U.K. Clarifies Net Neutrality Rules; Online Safety Bill Now Law

LONDONOfcom, the United Kingdom government’s independent communications regulator, last week clarified its net neutrality rules implemented in 2016.

As net neutrality once again gains momentum in the United States as the Federal Communications Commission advances a proposal to reinstate the rules, it isn’t surprising that other jurisdictions are adjusting rules to meet innovation needs.

The clarified rules are “softer” than the pre-Brexit net neutrality rules adopted by Parliament several years ago.

Such rules are based on the broad European Union’s statutes of net neutrality, now domestic common laws governing internet service providers’ power and how they interact with digitally-native content companies that rely on multifunctional connectivity options.

“The net neutrality rules are designed to constrain the activities of broadband and mobile providers; however, they could also be restricting their ability to develop new services and manage their networks efficiently,” said Selina Chadha, director of connectivity at Ofcom.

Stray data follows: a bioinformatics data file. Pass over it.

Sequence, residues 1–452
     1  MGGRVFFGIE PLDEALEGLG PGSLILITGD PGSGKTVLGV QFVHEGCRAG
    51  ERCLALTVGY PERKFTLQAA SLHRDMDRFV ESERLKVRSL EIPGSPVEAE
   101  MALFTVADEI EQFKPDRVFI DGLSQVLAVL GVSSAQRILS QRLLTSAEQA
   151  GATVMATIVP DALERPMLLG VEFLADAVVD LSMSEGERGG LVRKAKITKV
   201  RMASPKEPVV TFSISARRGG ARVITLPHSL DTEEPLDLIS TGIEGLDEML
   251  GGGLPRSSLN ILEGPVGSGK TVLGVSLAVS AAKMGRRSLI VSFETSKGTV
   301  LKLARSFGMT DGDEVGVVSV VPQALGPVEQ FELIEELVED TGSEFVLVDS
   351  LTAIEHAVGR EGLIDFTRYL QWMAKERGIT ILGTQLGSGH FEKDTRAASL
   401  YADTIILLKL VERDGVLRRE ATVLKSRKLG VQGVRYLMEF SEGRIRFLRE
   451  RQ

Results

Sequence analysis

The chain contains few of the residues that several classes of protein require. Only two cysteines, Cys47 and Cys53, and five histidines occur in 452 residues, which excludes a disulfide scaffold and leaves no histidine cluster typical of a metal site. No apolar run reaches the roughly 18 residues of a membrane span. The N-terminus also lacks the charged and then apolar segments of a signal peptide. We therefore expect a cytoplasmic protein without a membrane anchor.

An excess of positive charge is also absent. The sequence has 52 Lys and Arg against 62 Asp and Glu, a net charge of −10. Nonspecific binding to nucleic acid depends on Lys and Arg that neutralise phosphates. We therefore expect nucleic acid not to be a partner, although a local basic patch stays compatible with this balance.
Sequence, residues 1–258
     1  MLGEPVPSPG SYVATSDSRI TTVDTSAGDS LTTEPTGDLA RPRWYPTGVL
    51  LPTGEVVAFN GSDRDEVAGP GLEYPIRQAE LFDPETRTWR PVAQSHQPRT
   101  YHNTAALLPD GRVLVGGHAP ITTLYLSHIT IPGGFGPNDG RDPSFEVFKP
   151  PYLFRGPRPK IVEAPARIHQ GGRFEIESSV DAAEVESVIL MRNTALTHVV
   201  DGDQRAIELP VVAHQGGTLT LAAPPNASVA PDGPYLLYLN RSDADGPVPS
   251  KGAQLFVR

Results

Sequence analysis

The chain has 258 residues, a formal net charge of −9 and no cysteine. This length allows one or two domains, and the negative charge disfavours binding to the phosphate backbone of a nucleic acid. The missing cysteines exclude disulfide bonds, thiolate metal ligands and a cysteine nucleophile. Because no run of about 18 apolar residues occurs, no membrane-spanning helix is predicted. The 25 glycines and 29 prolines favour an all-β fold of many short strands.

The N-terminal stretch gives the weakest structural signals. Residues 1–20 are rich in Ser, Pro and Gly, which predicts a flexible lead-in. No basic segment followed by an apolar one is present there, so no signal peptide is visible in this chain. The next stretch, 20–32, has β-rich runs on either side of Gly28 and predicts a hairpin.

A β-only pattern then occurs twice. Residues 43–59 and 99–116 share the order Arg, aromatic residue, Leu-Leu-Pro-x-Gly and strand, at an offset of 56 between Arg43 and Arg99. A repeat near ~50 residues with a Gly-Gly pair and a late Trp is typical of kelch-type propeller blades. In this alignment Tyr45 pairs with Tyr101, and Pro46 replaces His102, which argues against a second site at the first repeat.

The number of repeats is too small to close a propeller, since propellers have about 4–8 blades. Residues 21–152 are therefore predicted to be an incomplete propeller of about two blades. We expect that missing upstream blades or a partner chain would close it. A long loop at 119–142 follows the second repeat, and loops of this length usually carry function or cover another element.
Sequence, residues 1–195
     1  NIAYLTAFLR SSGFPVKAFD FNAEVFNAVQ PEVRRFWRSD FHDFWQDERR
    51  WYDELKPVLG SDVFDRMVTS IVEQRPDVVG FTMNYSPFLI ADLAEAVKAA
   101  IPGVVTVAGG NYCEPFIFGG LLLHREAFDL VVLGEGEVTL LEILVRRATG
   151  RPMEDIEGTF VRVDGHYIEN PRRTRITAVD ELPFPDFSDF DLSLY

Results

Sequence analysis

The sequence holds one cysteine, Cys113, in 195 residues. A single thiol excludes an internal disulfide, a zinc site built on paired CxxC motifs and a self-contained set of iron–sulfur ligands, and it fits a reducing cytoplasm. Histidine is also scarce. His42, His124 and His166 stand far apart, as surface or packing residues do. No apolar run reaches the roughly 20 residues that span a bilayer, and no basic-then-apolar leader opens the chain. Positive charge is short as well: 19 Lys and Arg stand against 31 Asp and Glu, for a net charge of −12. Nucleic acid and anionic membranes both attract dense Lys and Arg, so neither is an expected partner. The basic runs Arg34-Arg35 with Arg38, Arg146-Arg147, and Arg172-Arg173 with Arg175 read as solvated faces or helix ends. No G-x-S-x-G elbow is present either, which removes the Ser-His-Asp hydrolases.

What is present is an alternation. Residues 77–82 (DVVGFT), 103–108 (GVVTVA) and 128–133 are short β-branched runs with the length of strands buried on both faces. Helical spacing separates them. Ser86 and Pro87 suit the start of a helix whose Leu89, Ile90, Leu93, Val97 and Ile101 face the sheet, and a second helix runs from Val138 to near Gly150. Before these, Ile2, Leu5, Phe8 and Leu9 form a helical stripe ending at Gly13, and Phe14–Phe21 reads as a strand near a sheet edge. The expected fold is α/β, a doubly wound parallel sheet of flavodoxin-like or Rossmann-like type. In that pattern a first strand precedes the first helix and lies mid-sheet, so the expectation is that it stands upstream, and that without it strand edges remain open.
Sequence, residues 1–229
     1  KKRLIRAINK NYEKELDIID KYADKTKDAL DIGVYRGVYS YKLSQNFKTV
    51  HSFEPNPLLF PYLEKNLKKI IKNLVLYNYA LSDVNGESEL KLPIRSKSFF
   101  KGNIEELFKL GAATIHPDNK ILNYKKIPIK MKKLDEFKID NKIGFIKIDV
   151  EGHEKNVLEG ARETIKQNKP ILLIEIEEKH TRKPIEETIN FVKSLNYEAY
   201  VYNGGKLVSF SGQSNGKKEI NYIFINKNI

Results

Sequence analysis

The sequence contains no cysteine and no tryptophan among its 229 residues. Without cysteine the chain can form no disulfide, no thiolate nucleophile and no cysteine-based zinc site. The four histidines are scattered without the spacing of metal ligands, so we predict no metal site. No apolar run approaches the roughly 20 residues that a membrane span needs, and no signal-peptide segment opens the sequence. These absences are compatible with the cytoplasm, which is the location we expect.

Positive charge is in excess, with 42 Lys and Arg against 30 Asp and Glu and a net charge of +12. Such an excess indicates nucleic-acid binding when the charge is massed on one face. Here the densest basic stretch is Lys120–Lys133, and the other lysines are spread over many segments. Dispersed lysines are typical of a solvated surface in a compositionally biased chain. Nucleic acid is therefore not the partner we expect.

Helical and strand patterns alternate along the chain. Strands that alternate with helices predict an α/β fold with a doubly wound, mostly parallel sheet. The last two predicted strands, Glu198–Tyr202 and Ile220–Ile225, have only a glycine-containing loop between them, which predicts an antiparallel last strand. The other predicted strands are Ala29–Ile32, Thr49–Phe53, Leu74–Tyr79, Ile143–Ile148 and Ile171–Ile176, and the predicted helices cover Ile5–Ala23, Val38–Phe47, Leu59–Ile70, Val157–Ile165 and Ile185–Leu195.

“We want to make sure they can also innovate alongside those developing new content and services and protect their networks when traffic levels might push networks to their limits,” added Chadha. “We believe consumers will benefit from all providers across the internet innovating and delivering services that better meet their needs.”

The issue for the country’s telecommunications giants and internet service providers is that they cannot charge content providers and digitally-native companies for use. Such concern led to the FCC's successful effort to repeal the U.S. net neutrality rules in 2017. 

Ofcom isn’t sold on allowing ISPs to charge content providers for carrying content and traffic on their networks.

“A charging regime would be a significant step, and we have not seen sufficient evidence that such an approach would support our objectives,” explains Ofcom, adding that the Parliament and His Majesty’s Government would be responsible for such rulemaking changes.

Ofcom’s “soft” net neutrality rules also come as the controversial Online Safety Act received royal assent and has become law.

AVN has previously reported that the Online Safety Bill is a broad overhaul of the digital space covering the U.K.’s jurisdiction with rules requiring various measures like age verification to access adult content and stripping of end-to-end encryption.

“This grab bag of half-baked fantasy solutions to misunderstood (or misrepresented) problems has received royal assent, including powers to break encryption in messaging apps and censor content before it’s even posted,” reads a post on X (formerly Twitter) by the Open Rights Group.